JUICESTORE - The Visual Imagery Behind Your Medicom Toy BE@RBRICK
An Insight Into The Visual Imagery Behind Your Medicom Toy BE@RBRICK

An Insight Into The Visual Imagery Behind Your Medicom Toy BE@RBRICK

With the newest release of GRAFFLEX x Medicom Toy's BE@RBRICK dropping today, we take a deeper look at Medicom Toy's relationship with visual imagery and the artists behind the collaborations.


GRAFFLEX is a South Korean artist that has created his own style of bold-cartoons, focusing on vibrant and playful visual imagery. A lot of his references and materials are based on street culture, representing the up-coming Korean art scene. GRAFFLEX has done many collaborations with a variety of brands, including Nike, Jordan, Converse and now Medicom Toy. His style is representative of his childhood memories, using obvious cartoon and animation influences, he reconstructs these ideas and turns them into various eye-catching figures and objects.


H.R. Giger was a Swiss-born artist, whose work has been defined as some of the most nightmarish pieces to have ever graced human eyes. He is best known for his book the Necronomicon, and Ridley Scott's 1979 film Alien. He was responsible for depicting one of the most iconic monsters to have appeared in film, the Xenomorph in the Alien film franchise. But extending beyond this, the painter has expanded his visual illustrations through the scope of fear-inducing art pieces.

Born in 1940, he has seen the images of World War 2, and came of age during the Cold War - reacting to these scenarios by transforming these fears into visual illustrations to manage them. The H.R. GIGER BE@RBRICK's visual imagery was derived from the artists obsession with the human form and its connection with machines - the BE@RBRICK is covered, head to toe, in mini discs, pistons, nails, spikes and chains - which showed Giger's representation of how passionless, mechanical, and impersonal humans can be.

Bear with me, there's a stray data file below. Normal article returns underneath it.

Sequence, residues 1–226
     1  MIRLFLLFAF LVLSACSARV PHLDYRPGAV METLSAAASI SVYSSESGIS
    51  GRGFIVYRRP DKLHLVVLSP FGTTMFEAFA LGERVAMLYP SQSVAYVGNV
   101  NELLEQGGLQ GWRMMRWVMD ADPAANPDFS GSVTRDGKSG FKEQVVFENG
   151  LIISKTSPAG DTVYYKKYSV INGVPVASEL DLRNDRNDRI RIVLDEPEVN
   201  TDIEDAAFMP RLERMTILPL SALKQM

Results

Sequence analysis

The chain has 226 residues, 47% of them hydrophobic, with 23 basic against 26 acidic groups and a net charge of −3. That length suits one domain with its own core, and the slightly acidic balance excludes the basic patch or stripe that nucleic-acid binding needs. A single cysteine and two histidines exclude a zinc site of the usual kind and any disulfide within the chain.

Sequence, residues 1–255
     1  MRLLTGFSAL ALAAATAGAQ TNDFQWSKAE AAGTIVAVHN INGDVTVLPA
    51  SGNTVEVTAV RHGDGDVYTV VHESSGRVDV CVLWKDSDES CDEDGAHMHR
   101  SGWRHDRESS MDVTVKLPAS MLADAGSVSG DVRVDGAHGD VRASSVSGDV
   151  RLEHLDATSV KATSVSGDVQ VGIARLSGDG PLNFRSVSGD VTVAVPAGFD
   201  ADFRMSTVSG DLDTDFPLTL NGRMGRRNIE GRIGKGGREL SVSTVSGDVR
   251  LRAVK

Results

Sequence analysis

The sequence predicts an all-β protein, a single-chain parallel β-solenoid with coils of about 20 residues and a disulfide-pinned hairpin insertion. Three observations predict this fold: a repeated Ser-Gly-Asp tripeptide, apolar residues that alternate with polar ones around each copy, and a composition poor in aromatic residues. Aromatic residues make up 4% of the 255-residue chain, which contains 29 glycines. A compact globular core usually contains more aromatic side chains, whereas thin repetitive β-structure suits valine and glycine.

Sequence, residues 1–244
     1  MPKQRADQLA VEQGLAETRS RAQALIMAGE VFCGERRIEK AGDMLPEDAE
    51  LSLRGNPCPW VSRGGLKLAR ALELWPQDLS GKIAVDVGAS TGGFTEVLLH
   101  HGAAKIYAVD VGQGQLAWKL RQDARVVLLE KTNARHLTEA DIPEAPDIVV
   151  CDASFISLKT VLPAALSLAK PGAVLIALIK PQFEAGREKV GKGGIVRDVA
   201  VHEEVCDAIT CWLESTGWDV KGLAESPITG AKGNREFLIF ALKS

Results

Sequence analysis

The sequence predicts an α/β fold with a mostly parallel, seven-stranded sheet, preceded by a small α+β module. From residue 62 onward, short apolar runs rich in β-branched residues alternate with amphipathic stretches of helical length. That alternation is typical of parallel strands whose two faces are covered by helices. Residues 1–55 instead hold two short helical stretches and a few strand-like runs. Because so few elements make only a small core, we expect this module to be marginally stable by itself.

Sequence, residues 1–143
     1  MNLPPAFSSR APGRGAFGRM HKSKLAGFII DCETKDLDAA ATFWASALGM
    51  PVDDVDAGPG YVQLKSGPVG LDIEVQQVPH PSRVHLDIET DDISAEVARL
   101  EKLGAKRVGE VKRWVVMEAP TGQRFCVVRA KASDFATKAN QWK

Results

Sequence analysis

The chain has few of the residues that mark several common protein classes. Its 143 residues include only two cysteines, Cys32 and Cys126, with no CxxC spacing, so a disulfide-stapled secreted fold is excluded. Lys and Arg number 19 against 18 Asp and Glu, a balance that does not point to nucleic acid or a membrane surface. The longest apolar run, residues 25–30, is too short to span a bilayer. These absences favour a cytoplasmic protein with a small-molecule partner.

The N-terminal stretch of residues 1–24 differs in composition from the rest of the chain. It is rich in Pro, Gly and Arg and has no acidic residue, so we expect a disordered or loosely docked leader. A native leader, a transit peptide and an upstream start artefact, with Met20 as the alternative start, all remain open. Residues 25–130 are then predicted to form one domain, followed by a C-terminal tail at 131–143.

A stark contrast from H. R. Giger's work, Andy Warhol's Muhammad Ali, was a part of his 1977 'Athletes' series, featuring the likes of Kareem Abdul-Jabbar, Pele, and O.J Simpson. Taken by Andy Warhol, Muhammad Ali's photograph was used as a silk screen for his prints, the four images chosen feature his combative stances with a dead-lock stare, as alert as ever. With his raised fists highlighted as being symbolic to not only Ali's stardom, but as the tools of his trade that identifies Ali in pop-culture.


Andy Warhol's Brillo Boxes are some of the late artists most prominent pieces, really displaying his style, creating works of arts that take inspiration from everyday objects, such as the tomato soup cans from Campbell and Heinz ketchup. This plays on the idea of consumerism, which is heavily embedded into American culture - raising such questions as to what effect products like the Brillo Boxes have on everyone.

All of the BE@RBRICK are available at JUICE Causeway Bay, K11 Musea and online at JUICESTORE.COM!